1) Size Matters -- The most common envelope kit in your mailbox today is a white #9 window package. The most common post card is 6" x 9". In your next mailing, break out of the paradigm. One of the five most influential format variables is size. Use it to your advantage.
2) Light at the End of the Mailbox -- Personal household tallies reveal that we have provided our email address to 53 organizations in exchange for loyalty cards, newsletters, magazines, charities, politicians, and access to merchants, banks and services. These enterprises have abandoned our mailbox to drown their message in the flood of email we receive daily. The fight for our attention has shifted from the curb to the screen. Moral: if you are in the hunt for a new customer today, the mailbox at the end of the driveway is the easier place to find and read your offer.
3) List Hygiene -- List hygiene is an obvious cost reducer. While we may understand its absolute value in cash savings, it is a significant determinant in response analysis, too. If you mail a 1,000,000 pieces with a 1% response, and in fact, 50,000 of those pieces were undeliverable, then your actual, real response rate was 1.05%. This subtlety is especially important when you are testing. A 5 percent lift is a big deal.
4) Red Marks the Spot -- On a white background, red will be the most arresting color you can use to attract the reader's eye. Use it to make the offer or highlight a key feature or competitor fault. Don't waste it on low-calorie text.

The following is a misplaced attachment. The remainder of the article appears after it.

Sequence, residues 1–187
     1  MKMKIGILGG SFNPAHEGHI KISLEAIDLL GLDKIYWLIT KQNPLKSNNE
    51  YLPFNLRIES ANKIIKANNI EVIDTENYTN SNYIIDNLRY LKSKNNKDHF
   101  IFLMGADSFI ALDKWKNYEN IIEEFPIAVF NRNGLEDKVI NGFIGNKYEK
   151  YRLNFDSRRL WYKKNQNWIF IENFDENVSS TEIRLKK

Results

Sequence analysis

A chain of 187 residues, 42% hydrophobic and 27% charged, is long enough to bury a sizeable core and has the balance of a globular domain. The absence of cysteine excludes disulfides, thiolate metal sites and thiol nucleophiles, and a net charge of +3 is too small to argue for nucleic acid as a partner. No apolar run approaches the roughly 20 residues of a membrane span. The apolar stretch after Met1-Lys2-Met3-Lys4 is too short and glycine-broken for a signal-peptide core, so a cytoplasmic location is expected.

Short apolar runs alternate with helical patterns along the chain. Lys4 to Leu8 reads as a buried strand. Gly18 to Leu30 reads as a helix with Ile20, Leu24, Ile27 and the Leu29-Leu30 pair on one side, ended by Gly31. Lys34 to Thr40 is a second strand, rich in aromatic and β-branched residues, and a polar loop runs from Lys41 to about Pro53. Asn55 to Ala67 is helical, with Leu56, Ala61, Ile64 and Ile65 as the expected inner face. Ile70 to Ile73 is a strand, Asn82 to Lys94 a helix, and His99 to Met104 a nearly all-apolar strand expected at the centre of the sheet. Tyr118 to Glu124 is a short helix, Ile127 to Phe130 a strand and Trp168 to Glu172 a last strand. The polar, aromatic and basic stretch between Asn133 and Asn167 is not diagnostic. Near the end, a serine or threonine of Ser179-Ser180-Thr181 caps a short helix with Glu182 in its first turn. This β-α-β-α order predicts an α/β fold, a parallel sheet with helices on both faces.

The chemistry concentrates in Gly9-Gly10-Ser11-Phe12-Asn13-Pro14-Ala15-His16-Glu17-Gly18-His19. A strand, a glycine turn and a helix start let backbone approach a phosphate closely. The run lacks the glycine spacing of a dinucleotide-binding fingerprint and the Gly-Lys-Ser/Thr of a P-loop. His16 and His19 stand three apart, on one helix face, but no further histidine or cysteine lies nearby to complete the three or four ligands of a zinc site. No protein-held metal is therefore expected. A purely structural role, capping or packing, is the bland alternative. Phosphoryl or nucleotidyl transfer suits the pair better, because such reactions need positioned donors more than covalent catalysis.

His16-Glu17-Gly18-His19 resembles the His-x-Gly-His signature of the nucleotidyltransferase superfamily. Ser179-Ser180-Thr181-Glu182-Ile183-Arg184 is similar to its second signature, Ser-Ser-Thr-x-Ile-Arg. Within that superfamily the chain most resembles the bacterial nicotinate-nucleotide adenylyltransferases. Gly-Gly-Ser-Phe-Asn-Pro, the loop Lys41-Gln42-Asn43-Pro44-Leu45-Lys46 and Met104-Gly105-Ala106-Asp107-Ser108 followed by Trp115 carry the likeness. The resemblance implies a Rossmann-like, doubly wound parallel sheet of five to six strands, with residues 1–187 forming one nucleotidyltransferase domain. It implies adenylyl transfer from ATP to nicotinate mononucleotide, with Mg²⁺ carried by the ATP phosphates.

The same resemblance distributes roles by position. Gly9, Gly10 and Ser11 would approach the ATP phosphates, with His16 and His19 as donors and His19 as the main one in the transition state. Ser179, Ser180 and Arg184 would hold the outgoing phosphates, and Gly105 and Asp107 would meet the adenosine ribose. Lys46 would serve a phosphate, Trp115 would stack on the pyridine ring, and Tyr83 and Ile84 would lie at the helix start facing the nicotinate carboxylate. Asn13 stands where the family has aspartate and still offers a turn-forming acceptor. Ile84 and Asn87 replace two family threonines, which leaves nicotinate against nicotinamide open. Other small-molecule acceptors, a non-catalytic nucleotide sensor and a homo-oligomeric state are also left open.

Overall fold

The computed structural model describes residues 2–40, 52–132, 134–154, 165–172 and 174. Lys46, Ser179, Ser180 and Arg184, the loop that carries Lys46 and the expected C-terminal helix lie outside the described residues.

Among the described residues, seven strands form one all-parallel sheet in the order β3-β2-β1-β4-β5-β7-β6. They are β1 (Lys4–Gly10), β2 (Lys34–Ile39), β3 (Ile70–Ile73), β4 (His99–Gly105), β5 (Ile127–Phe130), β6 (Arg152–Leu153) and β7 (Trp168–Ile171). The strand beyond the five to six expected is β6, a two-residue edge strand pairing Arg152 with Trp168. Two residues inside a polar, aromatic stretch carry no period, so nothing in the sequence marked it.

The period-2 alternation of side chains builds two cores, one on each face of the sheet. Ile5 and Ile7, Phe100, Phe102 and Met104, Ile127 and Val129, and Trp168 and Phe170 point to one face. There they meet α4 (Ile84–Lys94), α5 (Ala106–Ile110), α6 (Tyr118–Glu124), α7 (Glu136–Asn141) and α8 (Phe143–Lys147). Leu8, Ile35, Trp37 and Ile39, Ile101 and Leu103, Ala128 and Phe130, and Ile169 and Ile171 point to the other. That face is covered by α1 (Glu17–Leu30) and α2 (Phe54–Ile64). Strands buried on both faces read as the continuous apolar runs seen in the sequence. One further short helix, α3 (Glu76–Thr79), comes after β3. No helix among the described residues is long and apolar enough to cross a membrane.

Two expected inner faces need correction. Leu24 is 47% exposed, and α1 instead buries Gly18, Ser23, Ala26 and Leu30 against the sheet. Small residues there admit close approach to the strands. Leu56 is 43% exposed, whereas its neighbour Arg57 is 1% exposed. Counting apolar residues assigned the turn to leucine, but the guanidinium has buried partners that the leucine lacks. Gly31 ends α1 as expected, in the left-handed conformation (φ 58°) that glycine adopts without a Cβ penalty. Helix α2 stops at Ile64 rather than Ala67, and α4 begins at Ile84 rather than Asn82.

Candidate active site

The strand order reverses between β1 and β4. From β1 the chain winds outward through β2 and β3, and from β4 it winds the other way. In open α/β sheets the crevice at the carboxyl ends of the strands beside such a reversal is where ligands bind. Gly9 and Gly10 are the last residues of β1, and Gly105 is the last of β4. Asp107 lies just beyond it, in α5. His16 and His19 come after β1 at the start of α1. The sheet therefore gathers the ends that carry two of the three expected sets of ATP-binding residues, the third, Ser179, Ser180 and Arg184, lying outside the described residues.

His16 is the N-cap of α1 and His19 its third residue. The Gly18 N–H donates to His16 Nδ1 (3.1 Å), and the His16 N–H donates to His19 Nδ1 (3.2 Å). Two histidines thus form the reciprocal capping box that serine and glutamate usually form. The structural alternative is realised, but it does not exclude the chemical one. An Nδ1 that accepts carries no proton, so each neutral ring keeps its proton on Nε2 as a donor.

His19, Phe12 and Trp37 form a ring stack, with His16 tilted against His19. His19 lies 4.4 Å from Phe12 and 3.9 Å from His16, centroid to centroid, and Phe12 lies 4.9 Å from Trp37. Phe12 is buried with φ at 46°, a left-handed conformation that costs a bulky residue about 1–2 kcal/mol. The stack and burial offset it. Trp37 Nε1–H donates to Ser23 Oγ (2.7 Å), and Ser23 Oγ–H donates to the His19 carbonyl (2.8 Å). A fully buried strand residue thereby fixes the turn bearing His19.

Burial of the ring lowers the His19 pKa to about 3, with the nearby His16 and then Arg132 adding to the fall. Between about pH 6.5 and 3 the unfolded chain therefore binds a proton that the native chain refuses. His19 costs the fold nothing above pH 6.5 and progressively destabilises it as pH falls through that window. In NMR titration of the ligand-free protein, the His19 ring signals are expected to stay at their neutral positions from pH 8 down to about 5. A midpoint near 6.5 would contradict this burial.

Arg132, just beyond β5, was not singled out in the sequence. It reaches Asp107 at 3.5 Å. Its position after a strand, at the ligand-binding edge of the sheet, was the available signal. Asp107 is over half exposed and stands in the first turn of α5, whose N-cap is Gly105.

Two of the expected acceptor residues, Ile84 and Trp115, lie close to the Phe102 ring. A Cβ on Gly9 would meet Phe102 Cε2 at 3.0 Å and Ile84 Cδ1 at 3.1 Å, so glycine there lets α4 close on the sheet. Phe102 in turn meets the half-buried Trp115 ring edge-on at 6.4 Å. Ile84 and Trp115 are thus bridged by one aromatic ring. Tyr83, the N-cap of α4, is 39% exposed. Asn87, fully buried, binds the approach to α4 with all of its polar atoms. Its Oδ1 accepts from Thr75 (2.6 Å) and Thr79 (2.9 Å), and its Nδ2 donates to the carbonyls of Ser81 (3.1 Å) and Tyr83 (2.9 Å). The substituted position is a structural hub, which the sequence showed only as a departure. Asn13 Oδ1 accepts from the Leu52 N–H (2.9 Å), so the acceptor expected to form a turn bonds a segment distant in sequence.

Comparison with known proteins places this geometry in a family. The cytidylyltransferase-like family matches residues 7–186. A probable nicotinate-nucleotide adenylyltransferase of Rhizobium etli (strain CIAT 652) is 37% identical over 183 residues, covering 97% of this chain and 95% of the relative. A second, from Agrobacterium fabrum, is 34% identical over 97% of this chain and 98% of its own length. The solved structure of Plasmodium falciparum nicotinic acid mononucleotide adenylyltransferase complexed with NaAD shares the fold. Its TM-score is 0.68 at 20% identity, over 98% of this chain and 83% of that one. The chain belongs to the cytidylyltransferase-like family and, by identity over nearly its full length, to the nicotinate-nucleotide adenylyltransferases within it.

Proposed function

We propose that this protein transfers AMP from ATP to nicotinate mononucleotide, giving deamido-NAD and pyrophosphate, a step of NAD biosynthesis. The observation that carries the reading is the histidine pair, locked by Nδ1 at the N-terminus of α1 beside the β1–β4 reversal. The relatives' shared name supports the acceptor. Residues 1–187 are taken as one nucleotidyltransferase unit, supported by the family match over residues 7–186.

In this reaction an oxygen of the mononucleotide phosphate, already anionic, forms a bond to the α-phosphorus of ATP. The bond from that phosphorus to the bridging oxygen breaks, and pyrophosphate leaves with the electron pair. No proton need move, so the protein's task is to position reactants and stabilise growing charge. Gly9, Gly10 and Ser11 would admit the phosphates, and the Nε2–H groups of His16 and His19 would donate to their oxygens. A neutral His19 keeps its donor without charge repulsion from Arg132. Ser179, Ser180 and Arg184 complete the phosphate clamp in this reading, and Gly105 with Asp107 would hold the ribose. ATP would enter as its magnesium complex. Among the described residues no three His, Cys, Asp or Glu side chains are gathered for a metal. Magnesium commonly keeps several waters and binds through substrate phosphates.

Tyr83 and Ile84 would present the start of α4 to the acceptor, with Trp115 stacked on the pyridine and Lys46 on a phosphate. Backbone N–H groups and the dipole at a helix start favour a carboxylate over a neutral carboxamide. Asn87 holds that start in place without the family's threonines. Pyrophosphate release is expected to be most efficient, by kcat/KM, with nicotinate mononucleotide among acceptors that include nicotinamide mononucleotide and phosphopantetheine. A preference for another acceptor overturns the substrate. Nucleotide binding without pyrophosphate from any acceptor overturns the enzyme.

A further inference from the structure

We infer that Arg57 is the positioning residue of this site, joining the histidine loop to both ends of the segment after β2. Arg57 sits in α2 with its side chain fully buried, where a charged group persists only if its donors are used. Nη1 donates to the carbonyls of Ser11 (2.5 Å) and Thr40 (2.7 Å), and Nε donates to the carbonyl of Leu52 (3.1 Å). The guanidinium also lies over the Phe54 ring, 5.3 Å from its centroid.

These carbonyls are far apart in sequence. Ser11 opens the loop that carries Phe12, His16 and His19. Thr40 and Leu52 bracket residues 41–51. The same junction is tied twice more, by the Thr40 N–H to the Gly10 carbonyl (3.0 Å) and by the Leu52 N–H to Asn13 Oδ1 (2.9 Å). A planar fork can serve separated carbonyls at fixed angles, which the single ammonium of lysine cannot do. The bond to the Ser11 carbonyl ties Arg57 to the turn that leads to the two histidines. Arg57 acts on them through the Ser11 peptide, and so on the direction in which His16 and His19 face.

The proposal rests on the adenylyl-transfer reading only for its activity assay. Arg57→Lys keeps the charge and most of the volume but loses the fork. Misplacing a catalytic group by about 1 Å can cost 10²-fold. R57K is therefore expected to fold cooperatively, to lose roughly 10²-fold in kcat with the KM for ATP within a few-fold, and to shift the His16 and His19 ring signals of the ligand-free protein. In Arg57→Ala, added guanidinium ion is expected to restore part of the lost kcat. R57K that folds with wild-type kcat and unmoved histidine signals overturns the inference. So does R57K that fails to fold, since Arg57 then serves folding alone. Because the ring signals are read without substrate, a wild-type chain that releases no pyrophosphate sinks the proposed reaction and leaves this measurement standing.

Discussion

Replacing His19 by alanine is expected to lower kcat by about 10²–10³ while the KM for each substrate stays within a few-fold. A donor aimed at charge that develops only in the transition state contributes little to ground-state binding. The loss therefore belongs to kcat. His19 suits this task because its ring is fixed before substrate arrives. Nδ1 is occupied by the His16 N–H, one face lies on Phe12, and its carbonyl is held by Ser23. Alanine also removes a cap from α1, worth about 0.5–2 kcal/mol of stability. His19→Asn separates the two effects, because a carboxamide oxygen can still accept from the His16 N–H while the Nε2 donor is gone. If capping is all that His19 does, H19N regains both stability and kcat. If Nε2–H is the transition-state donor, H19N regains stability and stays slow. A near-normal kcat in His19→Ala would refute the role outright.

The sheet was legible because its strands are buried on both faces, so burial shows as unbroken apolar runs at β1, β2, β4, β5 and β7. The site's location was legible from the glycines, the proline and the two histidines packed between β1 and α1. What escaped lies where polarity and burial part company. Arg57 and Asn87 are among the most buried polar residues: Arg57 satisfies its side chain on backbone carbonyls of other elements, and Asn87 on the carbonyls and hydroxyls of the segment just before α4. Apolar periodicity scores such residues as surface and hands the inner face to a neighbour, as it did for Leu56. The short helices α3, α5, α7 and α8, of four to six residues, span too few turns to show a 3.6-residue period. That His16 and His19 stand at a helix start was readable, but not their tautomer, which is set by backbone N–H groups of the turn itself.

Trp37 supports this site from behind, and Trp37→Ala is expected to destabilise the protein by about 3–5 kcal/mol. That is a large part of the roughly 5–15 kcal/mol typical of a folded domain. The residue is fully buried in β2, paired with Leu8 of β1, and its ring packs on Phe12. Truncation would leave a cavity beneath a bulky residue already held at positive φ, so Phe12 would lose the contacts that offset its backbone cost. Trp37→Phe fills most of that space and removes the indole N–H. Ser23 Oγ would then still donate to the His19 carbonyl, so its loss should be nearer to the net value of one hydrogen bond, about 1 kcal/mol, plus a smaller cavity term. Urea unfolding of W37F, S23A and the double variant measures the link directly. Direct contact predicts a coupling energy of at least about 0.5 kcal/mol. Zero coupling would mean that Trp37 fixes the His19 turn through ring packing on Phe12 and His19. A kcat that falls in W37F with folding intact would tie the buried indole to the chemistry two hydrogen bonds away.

5) Risky Business -- A chief obstacle to responding is the responder's sense of risk. Will I lose my money? Will I be disappointed? Will a sales person bother me? Can I back out later? What happens to my name and address? Your job is to reduce the risk, real or perceived. Promote and rapidly honor your guarantee. Handle personal inquiries personally. Give the option for more mail. And if you need a sales person to follow up, hire and equip them to be knowledgeable, personable and dedicated to the relationship.
6) Closing the Deal -- In B-to-B mailings the call to action is often to "request information". It's a weak appeal. If you are attempting to generate leads, give your sales people something more tangible to respond with. Close your direct mail campaign with a specific actionable offer, with measurable goals: "show me how I can reduce sales costs by 24% using the Acme software kit".
Marketing Tips posts authored by Leslie Goldstein of the USPS.